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Terry Collett Feb 2016
I was on a bomb site
off Meadow Row
with Helen
searching for small stones
for my catapult

she had her doll
Battered Betty
in one hand
and was looking at the ground
through her thick lens glasses

how small do
they have to be?
she said

about this size
I said
showing her
with my thumb and finger

we searched amongst the bricks
and rubble and bits
of wood and weeds

is this small enough?
she said
picking up a stone
and putting it
in the palm
of her small hand

I went to her
and gazed at it
and picked it up
and said
yes that's about right
and put it in a small pouch
made from an old handkerchief
tied together
and tied to the belt
around my blue jeans

how many stones
do you need?
she said
because Betty
is getting hungry
and I will have to
feed her soon
with the bottle
in my dress pocket

o about a handful
I said
just a few more

she said
and we looked on
Betty hanging
from Helen's hand
by her tiny hand

just then a copper
walked across the bomb site
from the New Kent Road
trudging at his own pace
towards us

Helen saw him first
and stood up
and clutched Betty
close towards her chest
her eyes large
and scared looking

I stood up and put
my hands in the pockets
of my blue jeans

you ought not to be
on bomb sites
he said
they're dangerous places

Helen opened her mouth
to speak
but nothing came
but air

we're collecting stones
for my catapult
I said

he stood upright
with his hands on his hips
staring at us both

I don't care
if you're collecting gems
for Her Majesty the Queen
I want you off now
and to go home
he said
his voice firm and baritone

only I need ammunition
I said
and this is the best
place for them

off and go home
he said peering at me
his eyes dark and enlarging

Helen was nigh
wetting herself

so I shrugged and said
ok but we'll be back
once you've gone

Helen stared at me
as if I'd passed wind

he bellowed

pigeons flew up and off
from the bomb site
at the sound

we walked off
the bomb site together

she looking ahead
eyes tearful

I gazing back
like I'd seen this cowboy do
in that Western film
before a gunfight
I'd seen with my old man
the previous night.
Brent Kincaid Oct 2015
The whistler was a policeman
He whistled when he wrote a ticket
One citizen was so incensed
He told the officer to stick it.
But the officer understood.
He had heard complaints before.
They seemed to miss the point
As what this whistling was for.

They didn’t realize that he
Whistled as well when nervous.
He monitored himself carefully
When he was in the service.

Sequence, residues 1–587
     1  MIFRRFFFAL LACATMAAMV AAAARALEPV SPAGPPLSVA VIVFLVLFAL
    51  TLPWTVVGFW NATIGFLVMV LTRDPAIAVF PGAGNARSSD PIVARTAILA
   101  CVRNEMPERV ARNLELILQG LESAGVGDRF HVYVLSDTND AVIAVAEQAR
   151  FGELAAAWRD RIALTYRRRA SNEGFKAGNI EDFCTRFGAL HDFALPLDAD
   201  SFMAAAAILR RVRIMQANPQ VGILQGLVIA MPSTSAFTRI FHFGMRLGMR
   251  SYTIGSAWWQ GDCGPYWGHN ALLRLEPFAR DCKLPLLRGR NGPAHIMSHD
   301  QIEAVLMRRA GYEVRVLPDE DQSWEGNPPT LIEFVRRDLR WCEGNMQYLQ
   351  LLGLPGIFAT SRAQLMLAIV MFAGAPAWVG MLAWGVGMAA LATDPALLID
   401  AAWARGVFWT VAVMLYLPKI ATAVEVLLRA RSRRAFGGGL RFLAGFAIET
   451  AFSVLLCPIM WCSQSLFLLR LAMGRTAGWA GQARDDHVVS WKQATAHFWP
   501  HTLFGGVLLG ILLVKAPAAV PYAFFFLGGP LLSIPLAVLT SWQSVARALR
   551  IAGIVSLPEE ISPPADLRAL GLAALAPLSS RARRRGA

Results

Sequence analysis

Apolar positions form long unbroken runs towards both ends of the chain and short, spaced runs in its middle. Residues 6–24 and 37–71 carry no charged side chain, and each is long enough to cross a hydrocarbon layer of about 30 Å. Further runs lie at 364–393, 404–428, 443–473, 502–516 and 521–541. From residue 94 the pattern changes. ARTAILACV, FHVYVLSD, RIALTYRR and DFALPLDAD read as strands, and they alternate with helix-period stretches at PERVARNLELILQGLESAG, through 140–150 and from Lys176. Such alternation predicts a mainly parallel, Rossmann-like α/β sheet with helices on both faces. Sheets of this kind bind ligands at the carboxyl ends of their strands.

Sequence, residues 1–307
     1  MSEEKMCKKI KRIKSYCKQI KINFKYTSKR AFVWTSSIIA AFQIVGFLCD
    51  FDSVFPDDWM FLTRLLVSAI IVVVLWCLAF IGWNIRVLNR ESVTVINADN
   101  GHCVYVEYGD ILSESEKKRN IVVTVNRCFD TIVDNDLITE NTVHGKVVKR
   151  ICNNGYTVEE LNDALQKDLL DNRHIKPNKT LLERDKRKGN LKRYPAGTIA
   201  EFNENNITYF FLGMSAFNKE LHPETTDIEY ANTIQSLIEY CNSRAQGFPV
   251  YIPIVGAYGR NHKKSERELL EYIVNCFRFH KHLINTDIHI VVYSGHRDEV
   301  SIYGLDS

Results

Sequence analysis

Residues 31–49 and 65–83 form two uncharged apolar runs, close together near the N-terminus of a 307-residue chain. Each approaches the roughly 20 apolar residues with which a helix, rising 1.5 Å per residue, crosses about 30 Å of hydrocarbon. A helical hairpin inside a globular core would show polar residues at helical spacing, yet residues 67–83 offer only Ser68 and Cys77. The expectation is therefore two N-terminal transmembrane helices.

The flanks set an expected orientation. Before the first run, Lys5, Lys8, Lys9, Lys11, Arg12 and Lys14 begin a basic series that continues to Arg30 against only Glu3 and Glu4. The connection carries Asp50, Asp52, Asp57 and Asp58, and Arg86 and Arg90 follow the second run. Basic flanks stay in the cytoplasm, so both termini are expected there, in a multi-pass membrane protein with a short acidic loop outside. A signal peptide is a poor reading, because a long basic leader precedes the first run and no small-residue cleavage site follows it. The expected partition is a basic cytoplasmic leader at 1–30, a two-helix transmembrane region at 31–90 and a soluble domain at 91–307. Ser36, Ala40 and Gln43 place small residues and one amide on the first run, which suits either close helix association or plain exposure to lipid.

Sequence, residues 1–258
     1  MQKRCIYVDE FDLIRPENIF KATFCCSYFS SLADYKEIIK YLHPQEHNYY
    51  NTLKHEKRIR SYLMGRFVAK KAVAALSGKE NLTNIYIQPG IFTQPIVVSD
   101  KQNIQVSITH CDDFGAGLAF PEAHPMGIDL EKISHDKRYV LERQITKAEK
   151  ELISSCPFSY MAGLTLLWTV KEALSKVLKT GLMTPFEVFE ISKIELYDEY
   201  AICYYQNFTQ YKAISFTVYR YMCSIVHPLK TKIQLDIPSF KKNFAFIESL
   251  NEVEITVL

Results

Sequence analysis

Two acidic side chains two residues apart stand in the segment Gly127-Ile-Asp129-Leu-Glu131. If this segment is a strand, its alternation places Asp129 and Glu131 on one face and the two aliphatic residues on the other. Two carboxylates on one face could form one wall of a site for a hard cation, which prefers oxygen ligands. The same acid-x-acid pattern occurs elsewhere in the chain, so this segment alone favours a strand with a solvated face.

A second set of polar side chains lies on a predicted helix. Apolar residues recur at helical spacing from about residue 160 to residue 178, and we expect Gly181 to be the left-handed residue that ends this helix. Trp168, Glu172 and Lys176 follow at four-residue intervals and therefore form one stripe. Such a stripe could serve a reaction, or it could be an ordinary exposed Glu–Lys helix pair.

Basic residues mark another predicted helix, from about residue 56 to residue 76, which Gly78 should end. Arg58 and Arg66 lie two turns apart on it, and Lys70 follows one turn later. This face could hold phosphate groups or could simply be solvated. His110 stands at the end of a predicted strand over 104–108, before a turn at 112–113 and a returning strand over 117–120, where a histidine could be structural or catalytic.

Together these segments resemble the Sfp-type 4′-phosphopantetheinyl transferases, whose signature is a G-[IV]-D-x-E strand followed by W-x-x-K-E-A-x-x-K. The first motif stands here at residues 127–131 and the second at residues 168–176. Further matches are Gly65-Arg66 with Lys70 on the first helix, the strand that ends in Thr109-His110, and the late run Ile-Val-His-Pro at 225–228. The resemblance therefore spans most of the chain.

War is often no kind of place
To be making unwitting noise.
He was reprimanded by
The officer and the boys.

But Sam, the whistling cop
Had done so all his life
He whistled different ways
Even like a sailor’s fife.
He could trill like a bird
And do the best of all;
That kind of whistle
That wonderful taxi call.

It was an amazing to hear;
He could whistle too
From the side of his face
So you had no idea who
Was making that music
As his lips were not pursed.
That made it more maddening
To a few people that cursed.

As part of his job, one day,
A hotelier called him in
To deal with the issue
Of a dead resident within.
Sam hated blood and death.
It made him quite queasy.
So, he went about this task
But for him, it was not easy.

With a dead body in his arms
Quaking with internal fear
The hotelier objected to his song
Sam asked what he wanted to hear.
He was whistling The Blue Waltz’
In his pitch perfect rendition
To keep his mind off of the corpse
And off of his own condition.

But, oh boy, could he whistle
Making music in every day.
Creating lasting memories
I recall up until this day.
That officer, Sam, you see
Too often in a spot of bother
Was known as Whistling Sam
And was also my father.
When I am all grown up
There's lots that I can be
A million different choices
And the choice is up to me

I can be a fireman
And drive a truck all painted red
I can work inside a kitchen
And make sure that folks get fed

I can be a sailor
And sail from sea to sea
I have a million different choices
And the choice is up to me

I can be a teacher,
and teach children to write
Or I can be a singer
And sing on stage each night

A footballer, a builder
or a worker in a zoo
It's up to me exactly what
job that I will do

A dancer, or a dentist
A scientist or vet
It's up to me and no one else
What kind of job I'll get

A painter, or an acrobat
A lifeguard on the beach
I can be an astronaut
And to the stars I'll reach

I can be most anything
There's lot's that I can be
There's so much for me out there
The choice is up to me

I can drive a race car
Let my imagination soar
This is just a short list
There's a million, million more

I can be most anything
There's a lot out there for me
For I am just beginning
And there's lots that I can be

An astronaut, a soldier

— The End —